Prime Minister John Key says the Government will decide in November whether it will join Australia in a legal challenge against Japan's whaling in the Southern Ocean.
Australian Prime Minister Kevin Rudd has given Japan until November to stop its whaling programme, or face legal action in the International Court of Justice.
Mr Key says the Government has made it quite clear that New Zealand is opposed to whaling in the Southern Ocean.
He says it would prefer a diplomatic solution to the situation, but if that fails, then the Government will consider the legal challenge.
Mr Key says a court case takes a long time and if saving whales is really the aim, then a diplomatic solution will be quicker.
Earlier, Foreign Affairs Minister Murray McCully hit back at claims New Zealand is taking a softer stance against Japanese whaling for fear of harming trade relations.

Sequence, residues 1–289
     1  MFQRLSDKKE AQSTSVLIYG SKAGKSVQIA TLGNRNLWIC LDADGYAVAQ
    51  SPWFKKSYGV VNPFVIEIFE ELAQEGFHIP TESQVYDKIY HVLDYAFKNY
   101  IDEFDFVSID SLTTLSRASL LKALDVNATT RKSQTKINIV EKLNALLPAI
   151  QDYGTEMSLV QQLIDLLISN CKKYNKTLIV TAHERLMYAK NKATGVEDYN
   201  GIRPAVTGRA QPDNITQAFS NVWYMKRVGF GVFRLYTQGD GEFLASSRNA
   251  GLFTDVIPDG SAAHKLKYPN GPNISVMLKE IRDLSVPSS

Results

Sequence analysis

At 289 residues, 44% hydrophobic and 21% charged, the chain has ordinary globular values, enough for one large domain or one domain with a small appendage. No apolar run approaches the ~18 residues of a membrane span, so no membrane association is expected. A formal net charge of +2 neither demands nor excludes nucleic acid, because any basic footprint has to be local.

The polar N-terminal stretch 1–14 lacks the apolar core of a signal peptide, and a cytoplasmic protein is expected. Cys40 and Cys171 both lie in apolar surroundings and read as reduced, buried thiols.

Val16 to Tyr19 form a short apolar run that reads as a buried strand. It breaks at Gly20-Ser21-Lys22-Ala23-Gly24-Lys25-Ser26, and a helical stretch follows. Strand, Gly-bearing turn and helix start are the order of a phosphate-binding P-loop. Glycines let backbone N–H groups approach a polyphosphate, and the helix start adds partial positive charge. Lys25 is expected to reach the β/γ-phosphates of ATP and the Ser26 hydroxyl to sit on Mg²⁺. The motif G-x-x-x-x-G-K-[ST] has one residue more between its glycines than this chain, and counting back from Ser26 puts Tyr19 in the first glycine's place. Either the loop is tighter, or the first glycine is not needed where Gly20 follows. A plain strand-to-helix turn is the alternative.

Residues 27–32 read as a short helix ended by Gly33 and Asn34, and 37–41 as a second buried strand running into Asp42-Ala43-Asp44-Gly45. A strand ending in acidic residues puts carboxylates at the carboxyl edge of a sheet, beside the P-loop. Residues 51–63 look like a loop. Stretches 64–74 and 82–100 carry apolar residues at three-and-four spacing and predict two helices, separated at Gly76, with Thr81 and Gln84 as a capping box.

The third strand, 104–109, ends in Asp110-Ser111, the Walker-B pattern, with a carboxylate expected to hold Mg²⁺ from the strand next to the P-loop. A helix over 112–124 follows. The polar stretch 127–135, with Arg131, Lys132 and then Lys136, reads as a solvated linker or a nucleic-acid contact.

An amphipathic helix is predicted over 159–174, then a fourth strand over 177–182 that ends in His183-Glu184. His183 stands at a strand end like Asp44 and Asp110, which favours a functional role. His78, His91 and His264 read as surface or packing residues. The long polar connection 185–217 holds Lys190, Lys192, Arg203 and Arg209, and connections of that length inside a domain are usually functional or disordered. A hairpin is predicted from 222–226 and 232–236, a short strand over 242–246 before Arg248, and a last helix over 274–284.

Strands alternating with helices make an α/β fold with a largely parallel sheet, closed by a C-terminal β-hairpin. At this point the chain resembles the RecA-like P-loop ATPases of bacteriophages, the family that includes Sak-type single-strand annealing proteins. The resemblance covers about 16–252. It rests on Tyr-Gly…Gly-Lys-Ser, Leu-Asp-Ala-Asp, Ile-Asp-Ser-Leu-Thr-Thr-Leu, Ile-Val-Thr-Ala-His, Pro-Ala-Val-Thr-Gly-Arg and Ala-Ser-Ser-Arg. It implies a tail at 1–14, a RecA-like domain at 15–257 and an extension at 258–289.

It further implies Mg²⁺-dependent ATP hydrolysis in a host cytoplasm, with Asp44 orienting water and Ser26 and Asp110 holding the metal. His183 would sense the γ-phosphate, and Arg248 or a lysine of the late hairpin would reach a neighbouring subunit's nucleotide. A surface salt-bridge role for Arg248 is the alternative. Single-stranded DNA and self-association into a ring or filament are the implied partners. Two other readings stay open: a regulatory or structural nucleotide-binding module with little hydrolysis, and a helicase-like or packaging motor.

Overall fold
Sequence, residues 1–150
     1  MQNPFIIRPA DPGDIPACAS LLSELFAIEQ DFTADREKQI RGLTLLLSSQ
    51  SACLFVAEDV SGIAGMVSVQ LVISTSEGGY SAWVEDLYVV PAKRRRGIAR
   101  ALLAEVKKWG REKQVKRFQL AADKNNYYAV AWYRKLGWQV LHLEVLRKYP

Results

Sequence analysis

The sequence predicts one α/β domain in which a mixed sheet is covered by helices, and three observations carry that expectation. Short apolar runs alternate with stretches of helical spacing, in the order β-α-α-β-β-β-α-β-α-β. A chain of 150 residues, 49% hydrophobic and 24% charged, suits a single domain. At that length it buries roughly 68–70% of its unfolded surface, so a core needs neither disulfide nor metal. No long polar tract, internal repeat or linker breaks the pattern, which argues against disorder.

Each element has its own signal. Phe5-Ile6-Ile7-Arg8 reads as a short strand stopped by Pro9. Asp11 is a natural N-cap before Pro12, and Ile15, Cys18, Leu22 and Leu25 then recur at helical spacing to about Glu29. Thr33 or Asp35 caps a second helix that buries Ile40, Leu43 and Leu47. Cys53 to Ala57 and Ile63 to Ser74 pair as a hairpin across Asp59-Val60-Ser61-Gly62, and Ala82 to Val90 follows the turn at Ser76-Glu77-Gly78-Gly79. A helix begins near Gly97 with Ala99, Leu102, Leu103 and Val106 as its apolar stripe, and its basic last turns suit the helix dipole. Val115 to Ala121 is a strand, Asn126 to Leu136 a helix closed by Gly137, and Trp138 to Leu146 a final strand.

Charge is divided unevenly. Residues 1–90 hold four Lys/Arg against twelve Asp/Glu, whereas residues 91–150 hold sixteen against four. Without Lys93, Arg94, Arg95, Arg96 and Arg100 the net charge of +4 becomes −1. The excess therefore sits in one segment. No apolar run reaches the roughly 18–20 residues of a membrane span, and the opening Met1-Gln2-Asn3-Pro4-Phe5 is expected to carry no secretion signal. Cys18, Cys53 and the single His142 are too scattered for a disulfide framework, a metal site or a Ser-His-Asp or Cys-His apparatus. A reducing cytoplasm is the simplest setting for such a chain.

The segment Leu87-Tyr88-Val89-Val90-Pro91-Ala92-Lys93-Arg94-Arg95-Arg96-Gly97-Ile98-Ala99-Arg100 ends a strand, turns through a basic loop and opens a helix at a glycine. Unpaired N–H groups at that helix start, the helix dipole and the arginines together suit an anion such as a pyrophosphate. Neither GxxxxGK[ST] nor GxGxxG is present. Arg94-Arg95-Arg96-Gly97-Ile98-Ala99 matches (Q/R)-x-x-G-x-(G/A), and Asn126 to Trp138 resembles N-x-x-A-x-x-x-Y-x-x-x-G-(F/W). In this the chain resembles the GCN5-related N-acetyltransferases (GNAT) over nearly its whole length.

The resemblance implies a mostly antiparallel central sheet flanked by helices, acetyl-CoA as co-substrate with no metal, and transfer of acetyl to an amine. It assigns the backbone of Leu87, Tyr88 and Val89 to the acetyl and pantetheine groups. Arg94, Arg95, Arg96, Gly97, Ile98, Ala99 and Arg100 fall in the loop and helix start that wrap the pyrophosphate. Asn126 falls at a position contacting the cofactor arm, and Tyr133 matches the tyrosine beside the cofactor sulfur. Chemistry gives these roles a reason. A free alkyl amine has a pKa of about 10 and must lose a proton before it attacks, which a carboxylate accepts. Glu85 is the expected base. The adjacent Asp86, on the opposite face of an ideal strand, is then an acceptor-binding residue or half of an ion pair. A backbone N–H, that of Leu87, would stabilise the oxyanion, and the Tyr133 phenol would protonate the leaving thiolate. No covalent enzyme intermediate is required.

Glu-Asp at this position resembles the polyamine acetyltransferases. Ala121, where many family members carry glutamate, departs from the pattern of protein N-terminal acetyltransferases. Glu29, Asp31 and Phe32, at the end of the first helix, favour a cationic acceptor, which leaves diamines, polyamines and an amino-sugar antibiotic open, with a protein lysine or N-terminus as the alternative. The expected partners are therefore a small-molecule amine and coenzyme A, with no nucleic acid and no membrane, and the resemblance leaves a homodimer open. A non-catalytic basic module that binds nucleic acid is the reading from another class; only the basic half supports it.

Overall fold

Anti-whaling group Sea Shepherd has criticised New Zealand for not following Australia's lead in giving Japan an ultimatum to stop whaling.
The protest group says the New Zealand Government is putting trade interests ahead of its duty to uphold international law.
However, Mr McCully dismisses that as a ridiculous assertion. He says the Government is concentrating on diplomatic efforts, but has not ruled out future legal action.
The Labour Party says New Zealand should join forces with Australia and take legal action as diplomacy has already failed.
But the minister says a legal challenge would not be an open and shut case in favour of the New Zealand and Australian position. "If it was, then probably we'd have pursued it more quickly," he said.
Mr McCully says it should be apparent in a matter of weeks whether diplomatic efforts have been successful.